A successful book club is one that provides intellectual stimulation, motivation, and accountability. But, good grief, it had better be fun too!
And, with those considerations, one of the most successful of all is the Notting Hill Napoleons, a literary society which has (for 23 years and counting) been a very rich source of blessing for its members.
The Napoleons started back in 1992 when Claire and I asked a few reading friends to join us in a monthly book discussion. The club we proposed was one that would concentrate on quality novels; that is, books by talented writers who examined the most important human values and ideals. We especially sought novels of literary richness that would sharpen our own thinking and communicating skills. Therefore, among the novels we chose in those early years were ones written by Charles Dickens, Alexander Solzhenitsyn, G.K. Chesterton, Sir Walter Scott, Fyodor Dostoevsky, Alexandre Dumas, Evelyn Waugh, Leo Tolstoy, Walter Scott, Willa Cather, and William Shakespeare. Now, many of these authors had already been read by at least a few of the Napoleons, but usually only as a school project in our distant past. One of the quickest lessons we learned in our new club was that reading a book for a discussion with like-minded friends was ever more enriching and enjoyable than reading it for any school report.
All of the friends we invited to participate were dedicated Bible students, family-oriented, and involved in a variety of interests and ministries. Most of them were or had been teachers. More relevant, they were readers...readers of all kinds of books. Nevertheless, whatever our reading amounts and skills were at the start, there is no doubt we are all stronger and more perceptive readers now because of the years of disciplined reading, the practice of reflection, and the talents in literary criticism derived from all of our book discussions.
And though we still read mysteries, biographies, history, politics, pop culture, and Bible studies, I think all the Napoleons would agree that the book club has spurred them to read much more classic literature than they would have ever done on their own.
However, I can almost hear some of you asking, “How can anyone find time to read War and Peace and still go to work, feed the kids, and put the cat out?” Believe me, it can be done. Remember, the Notting Hill Napoleon members also have jobs, families, church responsibilities, numerous other interests, and ministry responsibilities. It comes down to two keys. 1) The Napoleons have all increased their reading speed and comprehension. And 2) We have all decreased the time spent in watching television and reading inferior stuff.
Also, for those of you who have less time or who read at a pace which would prohibit getting through War and Peace in a single month, there is a very simple solution. Just make your book club one which meets every other month or even every quarter. Any schedule or format that yields an increase in profitable reading and Christian fellowship is well worth it.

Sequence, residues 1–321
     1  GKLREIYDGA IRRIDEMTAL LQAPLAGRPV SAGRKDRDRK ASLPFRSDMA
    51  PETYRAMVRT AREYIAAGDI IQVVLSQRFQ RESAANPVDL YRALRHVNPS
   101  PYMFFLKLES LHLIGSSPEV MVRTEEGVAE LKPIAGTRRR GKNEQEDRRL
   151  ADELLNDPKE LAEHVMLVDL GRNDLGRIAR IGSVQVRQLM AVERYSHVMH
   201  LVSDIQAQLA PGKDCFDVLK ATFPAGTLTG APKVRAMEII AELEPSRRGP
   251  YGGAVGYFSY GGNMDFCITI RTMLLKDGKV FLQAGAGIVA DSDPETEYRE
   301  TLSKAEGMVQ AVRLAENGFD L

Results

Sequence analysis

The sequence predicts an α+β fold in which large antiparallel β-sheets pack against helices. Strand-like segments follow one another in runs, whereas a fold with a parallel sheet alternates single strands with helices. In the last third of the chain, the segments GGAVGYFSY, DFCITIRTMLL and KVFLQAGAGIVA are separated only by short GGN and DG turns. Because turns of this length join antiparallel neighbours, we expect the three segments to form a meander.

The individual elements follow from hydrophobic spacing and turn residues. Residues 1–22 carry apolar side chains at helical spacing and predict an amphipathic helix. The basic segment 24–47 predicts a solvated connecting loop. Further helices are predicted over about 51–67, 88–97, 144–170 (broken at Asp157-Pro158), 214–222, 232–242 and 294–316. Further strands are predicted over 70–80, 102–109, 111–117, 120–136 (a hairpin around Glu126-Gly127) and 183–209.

How to choose books? That’s a problem that has ended many book clubs before they ever really got started. The Napoleons understand that creating as much of a consensus as possible is paramount. The members must have a common vision of what they want to read. Simply using someone else’s reading list or even awarding each member a slot usually won’t do it. Based upon our backgrounds and personal tastes, the Notting Hill Napoleons chose classic novels as our focus and over time we developed an election process which stresses consensus.
Other book clubs might opt for politics or history or perhaps a mix of genres. For instance, many years ago Vital Signs Ministries created a reading program which focuses on non-fiction: history, culture, religion, etc. Among the authors we’ve read in this program are Chuck Colson, Whittaker Chambers, Randy Alcorn, Joni Eareckson-Tada, Nancy Pearcey, and Francis Schaeffer. The schedule for that program is also a lot more flexible than the Notting Hill Napoleons.
And, not to be undervalued in the least, is the sheer enjoyment which comes from a successful literary club. It’s all good. Indeed, every Notting Hill meeting is a party, even when the discussion itself is pretty heavy. We are good friends who have become even closer through the fellowship of the book club and who are more effective Christians because of the stimulation, accountability, and helpfulness we provide each other.
The Lordship of Jesus Christ should extend to every area of life – stretching, sharpening, and better equipping His servants to represent righteousness in our darkened world. A Christian book club can be a part of that discipleship. So why not consider getting involved in such a group yourself?